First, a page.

At three months of age they should have weighed around 20 grams max, so less than an ounce. At a year old they would be around 50 grams so still less than two ounces. I find it really hard to believe that they could reach 7 ounces in a year, which is around 200 gms or around the size of a four or five year old. Are you sure you are weighing correctly? Broccoli is a member of the cabbage family which will stop calcium from being absorbed by the bones, so I would not feed this, just the most fibrous weeds you can find and a good variety of lettuce, never ice berg. Pics will help to show if they are growing well.


Some of my hatchlings weighed in at 18gms when first hatched so I think a weight of 20 gms at three months has to be a generalisation, and weight gain needs to be gauged on a certain amount per month, rather than ' this tort is whatever age and needs to be a certain weight'. Surely there has to be some leaway for a heavy hatchling. My babes that hatched at 10 grms in August now weigh 23gms which I think complies with your guidelines. X x xhugs x x x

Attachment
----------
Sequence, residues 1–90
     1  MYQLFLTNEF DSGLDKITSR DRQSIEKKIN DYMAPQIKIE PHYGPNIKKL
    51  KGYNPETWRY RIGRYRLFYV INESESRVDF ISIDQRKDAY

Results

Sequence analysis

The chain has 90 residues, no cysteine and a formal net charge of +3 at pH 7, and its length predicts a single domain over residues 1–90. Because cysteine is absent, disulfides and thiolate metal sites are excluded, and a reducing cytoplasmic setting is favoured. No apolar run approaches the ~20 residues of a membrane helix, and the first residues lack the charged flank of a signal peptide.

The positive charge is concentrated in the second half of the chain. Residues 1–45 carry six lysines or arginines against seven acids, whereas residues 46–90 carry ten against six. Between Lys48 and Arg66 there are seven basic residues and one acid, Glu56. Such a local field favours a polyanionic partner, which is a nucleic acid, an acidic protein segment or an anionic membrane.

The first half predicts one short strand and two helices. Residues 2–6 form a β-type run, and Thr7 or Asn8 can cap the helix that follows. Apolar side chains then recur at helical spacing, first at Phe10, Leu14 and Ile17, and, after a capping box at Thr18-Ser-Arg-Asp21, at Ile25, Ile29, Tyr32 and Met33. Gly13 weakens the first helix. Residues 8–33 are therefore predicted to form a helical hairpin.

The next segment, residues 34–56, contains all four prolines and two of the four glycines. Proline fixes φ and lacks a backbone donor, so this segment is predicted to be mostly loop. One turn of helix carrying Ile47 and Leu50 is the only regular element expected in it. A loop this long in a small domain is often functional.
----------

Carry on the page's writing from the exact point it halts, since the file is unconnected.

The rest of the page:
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Posted 01 March 2015 - 09:44 PM

Some of my hatchlings weighed in at 18gms when first hatched so I think a weight of 20 gms at three months has to be a generalisation, and weight gain needs to be gauged on a certain amount per month, rather than ' this tort is whatever age and needs to be a certain weight'. Surely there has to be some leaway for a heavy hatchling. My babes that hatched at 10 grms in August now weigh 23gms which I think complies with your guidelines. X x xhugs x x x


Obviously a huge hatch weight baby will be slightly heavier in its first couple of months, but this evens out by around six months. It's a bit like human babies. My cousin and I had babies around the same time, hers were 4lbs 6 oz and 5 lbs, whereas mine were 8lbs 13 oz and 9lbs 3oz. When they started school, they were all normal,size, in fact the 5 lb one was quite chunky lol.
Heavy hatchlings don't necessarily make huge torts by an earlier age as these hatch weight variations happen in the wild too.